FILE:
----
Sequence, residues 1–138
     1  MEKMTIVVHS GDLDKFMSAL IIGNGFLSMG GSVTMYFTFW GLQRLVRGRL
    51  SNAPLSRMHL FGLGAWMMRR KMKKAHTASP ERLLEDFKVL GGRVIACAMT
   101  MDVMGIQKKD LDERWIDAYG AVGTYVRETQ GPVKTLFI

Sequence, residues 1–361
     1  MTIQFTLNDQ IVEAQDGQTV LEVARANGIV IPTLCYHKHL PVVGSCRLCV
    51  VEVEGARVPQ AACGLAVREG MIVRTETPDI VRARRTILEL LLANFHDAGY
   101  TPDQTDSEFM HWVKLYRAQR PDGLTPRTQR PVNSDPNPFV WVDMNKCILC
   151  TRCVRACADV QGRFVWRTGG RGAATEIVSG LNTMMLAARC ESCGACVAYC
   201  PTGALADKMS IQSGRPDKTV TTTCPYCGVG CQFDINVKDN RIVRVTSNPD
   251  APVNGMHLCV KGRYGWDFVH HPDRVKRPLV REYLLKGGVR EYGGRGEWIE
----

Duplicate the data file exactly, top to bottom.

Sequence, residues 1–138
     1  MEKMTIVVHS GDLDKFMSAL IIGNGFLSMG GSVTMYFTFW GLQRLVRGRL
    51  SNAPLSRMHL FGLGAWMMRR KMKKAHTASP ERLLEDFKVL GGRVIACAMT
   101  MDVMGIQKKD LDERWIDAYG AVGTYVRETQ GPVKTLFI

Sequence, residues 1–361
     1  MTIQFTLNDQ IVEAQDGQTV LEVARANGIV IPTLCYHKHL PVVGSCRLCV
    51  VEVEGARVPQ AACGLAVREG MIVRTETPDI VRARRTILEL LLANFHDAGY
   101  TPDQTDSEFM HWVKLYRAQR PDGLTPRTQR PVNSDPNPFV WVDMNKCILC
   151  TRCVRACADV QGRFVWRTGG RGAATEIVSG LNTMMLAARC ESCGACVAYC
   201  PTGALADKMS IQSGRPDKTV TTTCPYCGVG CQFDINVKDN RIVRVTSNPD
   251  APVNGMHLCV KGRYGWDFVH HPDRVKRPLV REYLLKGGVR EYGGRGEWIE